In the downturn financial markets have shown little reluctance to hold U.S. government bonds at extraordinarily low interest rates, in fact the real interest rate on long-term bonds has been close to zero. This makes borrowing for both short-term stimulus and longer-term investment measures attractive. This would mean not just physical infrastructure (including retrofitting buildings to make them more energy efficient) but research and development in a wide range of sectors.
Since the main point is to stimulate demand, we can also experiment in various areas. For example, we could allocate money to allow some cities to offer free bus fares for two years. It would be interesting to see the extent to which bus travel can be encouraged if it were simple, quick, and free. The potential reduction in greenhouse gas emissions would be substantial.
We could also use public funds to encourage shorter work weeks/work years. It is important to realize that our central problem right now is too much supply, not too little. Traditional stimulus addresses this problem by increasing demand. We can also address the problem by giving employers an incentive to reduce work hours in family friendly ways. We work 20 percent more hours on average than do people in Western Europe. If our work years were comparable in length to those in Western Europe, unemployment would be immediately eliminated.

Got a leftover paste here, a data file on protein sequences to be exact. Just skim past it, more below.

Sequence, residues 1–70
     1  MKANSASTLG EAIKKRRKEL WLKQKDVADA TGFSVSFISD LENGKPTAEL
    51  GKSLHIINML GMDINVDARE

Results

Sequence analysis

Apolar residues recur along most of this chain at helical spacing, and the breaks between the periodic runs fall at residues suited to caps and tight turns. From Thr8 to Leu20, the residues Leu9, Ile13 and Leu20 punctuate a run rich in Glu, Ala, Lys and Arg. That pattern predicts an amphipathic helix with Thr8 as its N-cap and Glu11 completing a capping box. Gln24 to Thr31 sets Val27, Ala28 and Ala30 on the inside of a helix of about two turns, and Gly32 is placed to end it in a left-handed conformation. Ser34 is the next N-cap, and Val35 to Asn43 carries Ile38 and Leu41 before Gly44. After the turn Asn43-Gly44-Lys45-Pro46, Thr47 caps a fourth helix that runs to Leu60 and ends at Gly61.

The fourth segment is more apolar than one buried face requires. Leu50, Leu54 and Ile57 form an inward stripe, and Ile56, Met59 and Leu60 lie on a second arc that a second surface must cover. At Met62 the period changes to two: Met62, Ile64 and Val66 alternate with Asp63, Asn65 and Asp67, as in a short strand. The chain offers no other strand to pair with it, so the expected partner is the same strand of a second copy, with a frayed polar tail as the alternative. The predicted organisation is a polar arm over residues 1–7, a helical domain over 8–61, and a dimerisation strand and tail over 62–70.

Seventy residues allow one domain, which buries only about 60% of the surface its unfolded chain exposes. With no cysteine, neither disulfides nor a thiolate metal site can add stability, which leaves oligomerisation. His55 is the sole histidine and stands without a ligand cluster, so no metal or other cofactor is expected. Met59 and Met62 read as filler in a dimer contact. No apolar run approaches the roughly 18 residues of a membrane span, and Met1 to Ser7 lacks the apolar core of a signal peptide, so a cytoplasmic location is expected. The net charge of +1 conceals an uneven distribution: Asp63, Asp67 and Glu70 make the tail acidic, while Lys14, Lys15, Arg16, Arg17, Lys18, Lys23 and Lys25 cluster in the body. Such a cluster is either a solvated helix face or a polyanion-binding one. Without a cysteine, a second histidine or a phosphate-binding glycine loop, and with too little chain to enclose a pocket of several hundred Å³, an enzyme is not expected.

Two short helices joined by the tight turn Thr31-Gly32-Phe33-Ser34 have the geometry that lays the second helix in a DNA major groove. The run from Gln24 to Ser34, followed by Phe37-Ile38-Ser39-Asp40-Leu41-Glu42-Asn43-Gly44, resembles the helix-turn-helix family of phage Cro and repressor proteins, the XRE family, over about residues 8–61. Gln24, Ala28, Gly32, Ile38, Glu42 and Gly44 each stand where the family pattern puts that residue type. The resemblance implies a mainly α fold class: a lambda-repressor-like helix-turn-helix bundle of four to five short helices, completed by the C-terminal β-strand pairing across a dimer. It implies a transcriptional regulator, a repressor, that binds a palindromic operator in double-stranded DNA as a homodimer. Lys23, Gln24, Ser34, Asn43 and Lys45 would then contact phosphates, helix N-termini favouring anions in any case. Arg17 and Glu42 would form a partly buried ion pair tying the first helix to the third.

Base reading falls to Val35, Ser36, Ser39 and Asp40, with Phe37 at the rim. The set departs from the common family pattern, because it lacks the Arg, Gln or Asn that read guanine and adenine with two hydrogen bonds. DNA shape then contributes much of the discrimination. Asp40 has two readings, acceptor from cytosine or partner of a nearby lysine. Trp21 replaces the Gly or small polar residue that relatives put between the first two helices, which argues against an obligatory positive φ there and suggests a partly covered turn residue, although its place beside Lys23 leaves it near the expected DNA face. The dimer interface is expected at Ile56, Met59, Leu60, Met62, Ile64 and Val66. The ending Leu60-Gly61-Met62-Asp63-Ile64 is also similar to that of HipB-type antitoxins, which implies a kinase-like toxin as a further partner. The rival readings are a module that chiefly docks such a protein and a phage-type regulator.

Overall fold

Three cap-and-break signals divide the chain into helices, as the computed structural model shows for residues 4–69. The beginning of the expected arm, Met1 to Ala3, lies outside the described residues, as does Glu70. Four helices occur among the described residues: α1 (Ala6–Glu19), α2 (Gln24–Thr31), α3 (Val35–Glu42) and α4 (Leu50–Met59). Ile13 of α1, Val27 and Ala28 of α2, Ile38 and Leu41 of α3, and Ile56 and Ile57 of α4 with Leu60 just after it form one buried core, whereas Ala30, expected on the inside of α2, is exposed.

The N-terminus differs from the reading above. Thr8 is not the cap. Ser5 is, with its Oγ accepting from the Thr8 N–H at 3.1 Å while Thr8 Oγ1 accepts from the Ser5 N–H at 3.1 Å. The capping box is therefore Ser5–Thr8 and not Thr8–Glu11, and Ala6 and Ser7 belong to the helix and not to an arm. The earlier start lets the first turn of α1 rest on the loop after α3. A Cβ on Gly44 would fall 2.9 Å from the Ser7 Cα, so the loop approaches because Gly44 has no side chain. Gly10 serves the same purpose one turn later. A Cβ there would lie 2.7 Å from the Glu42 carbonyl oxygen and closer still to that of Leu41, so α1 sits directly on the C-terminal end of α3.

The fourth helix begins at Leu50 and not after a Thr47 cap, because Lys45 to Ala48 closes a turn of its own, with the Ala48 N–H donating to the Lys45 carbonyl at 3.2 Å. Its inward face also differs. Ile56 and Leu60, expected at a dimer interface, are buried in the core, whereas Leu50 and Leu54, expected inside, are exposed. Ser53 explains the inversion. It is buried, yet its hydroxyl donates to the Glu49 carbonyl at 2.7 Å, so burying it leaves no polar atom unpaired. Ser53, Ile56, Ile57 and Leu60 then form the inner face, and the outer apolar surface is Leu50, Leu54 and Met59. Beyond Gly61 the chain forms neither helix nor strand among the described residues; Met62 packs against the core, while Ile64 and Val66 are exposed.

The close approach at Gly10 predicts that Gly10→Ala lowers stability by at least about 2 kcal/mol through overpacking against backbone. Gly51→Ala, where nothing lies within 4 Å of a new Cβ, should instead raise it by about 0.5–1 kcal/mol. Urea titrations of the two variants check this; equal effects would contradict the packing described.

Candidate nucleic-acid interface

Of course such a transition could not be accomplished overnight, but there is no reason that government funds could not be used to provide incentives for shortening work hours with policies like paid vacations, paid family leave, and paid sick days, rather than paying workers unemployment benefits. There is already a short-work program attached to the unemployment insurance system in 25 states (including New York and California), but the take-up rate on this program is low. If the problem is that we don't want all the goods and services that we are capable of producing then a simple answer would be to produce less and let people share the leisure.